When bad weather hits, weathermen and drivers have perhaps the most difficult jobs. Weathermen are put into a tough spot with predicting bad weather, while drivers always have a challenge driving through the bad weather.
Weather can be fickle, and drivers can be fickle as well. This makes it problematic when, as a good driver, we prefer structure and predictability in our commute. We like when we know that all the traffic will be going in a certain direction at a certain speed and everyone who is turning uses a turn signal beforehand. We also like clear skies and sunshine, not in our faces, and we like not having to use our shades or wipers or have to turn on headlights at 10 in the morning.
Bad Weather Challenges
One of the things we can count on is that the weather can’t be counted upon; it is often difficult to predict and then see it come to fruition as predicted. We always have to be prepared for anything, even in places where the sun shines or it rains 300 days per year.
And it turns out that adverse weather conditions create some of the most dangerous situations on the roadways. Data shows that rain, specifically, is the weather that is the most dangerous in America when it comes to driving – in nearly 80% of the country, rain is the deadliest weather condition for drivers. Not only that, but car accidents in inclement weather – rain, snow, fog, wind – kill about 7,000 people every year.
How does that stack up? Let’s put it this way – the number of people killed every year by weather-related car accidents is higher than the numbers killed by hurricanes, tornadoes, and floods combined in a given year.
For all of the fear and terror from major weather events, car accidents caused by bad weather are actually a bigger threat than any of those major disasters. Let’s take a quick look at the impacts that each inclement-weather condition has on driving.
Wind can be a distraction for drivers, especially with higher speeds and/or higher –profile vehicles. A good wind may blow dust or snow around, which can affect visibility, and wind may blow debris onto the road which can block a lane of traffic or cause you to maneuver around the debris. If you are a higher-profile vehicle such as a truck, SUV or cargo truck, you may have to reduce speed to maintain stability on the roadway, as the wind may try to get under your vehicle and lift it off the ground.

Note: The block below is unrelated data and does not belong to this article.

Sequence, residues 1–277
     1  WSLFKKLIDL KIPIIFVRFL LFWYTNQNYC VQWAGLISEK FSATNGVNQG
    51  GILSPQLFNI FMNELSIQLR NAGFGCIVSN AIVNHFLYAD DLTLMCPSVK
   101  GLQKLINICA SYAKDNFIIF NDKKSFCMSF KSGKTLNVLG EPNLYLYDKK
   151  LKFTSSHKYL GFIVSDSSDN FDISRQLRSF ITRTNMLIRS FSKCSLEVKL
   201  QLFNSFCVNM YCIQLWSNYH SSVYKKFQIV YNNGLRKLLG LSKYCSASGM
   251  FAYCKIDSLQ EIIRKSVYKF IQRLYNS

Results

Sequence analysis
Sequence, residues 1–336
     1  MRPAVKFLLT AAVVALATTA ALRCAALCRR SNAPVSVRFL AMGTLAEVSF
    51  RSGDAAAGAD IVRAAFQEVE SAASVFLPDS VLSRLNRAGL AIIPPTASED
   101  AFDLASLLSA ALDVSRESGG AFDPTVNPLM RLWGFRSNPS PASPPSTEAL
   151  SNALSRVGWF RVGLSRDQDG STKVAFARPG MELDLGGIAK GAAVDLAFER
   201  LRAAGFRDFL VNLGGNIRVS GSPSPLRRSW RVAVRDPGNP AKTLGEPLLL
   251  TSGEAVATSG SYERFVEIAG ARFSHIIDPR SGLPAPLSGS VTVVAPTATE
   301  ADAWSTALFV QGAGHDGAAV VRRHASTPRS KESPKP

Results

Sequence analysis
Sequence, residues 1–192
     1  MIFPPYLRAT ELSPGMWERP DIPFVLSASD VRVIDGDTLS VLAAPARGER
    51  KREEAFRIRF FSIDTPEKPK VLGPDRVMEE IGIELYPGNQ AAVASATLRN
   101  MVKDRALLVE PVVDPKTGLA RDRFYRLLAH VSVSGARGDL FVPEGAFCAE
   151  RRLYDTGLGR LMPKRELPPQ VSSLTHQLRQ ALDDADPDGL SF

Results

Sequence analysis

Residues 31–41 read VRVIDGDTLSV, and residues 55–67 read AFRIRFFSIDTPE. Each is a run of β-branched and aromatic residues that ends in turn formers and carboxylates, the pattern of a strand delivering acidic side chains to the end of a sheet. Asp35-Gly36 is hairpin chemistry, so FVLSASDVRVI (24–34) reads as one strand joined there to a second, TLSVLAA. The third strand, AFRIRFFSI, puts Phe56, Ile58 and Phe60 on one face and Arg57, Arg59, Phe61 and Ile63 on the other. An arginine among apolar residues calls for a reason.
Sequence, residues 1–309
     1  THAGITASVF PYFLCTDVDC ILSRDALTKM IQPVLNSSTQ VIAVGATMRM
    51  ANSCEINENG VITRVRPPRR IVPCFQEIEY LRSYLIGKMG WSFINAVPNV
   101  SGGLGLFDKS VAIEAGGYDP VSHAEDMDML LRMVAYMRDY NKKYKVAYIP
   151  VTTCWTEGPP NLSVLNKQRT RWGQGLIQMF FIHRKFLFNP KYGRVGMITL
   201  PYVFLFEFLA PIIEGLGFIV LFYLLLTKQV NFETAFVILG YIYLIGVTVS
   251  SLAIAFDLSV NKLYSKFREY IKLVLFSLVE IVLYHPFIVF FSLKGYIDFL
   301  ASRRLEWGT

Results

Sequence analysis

Any kind of precipitation can cause its own share of problems as it varies from light rain showers to blizzard-level snowfall. Certainly, visibility can be affected, which means that cars will have to slow down, not only to work around the visibility but also to establish better friction or “grab” on the road so the vehicle handles better. And if the snow or hail has been falling for a period of time, there may be some lane blockage or a pile of snow on the roadway that may have to be navigated.
For the most part, fog mainly impacts visibility. The denser the fog, the less visibility a driver will have. This means that the driver would have to drive more slowly and find some delays in travel. Headlights are often used, and it’s possible to get into accidents if you follow lights off the road or if you run into a vehicle that does not have lights on.
When there is flooding on the roadway, heavy water will adversely impact the roadway and would greatly reduce friction between tires and the roadway, which make the vehicle more difficult to handle. This also means that the driver will have to slow down on roads so the car’s weight is forced down on the tires in order to develop better friction and thus better handling to avoid “hydroplaning,” the condition in which vehicles lose contact with the roadway and tend to float on the water.
Who is Responsible?
Bad weather auto accidents are quite common, accounting for more than 1 in 5 of all accidents in America each year. The problem is, if you are hurt in a car accident that is caused by inclement weather, Mother Nature may have liability but she can’t easily have claims filed against her.
So what to do in these situations? Bad weather is an unfortunate circumstance that can’t always be predicted accurately and can’t be controlled. In these situations, how can liability be established so you and others involved in an accident can be restored to wholeness?
Bad Weather Accident? Contact Us
If you are involved in a bad-weather vehicle accident, you should talk to a Memphis personal-injury attorney to discuss an independent accident investigation to determine all of the factors (besides the weather) that caused your accident. A thorough investigation of your accident can reveal all of the truth about what happened, and your rights can be protected should you need to file a claim for your damages and/or injuries due to a weather-related auto accident in Memphis.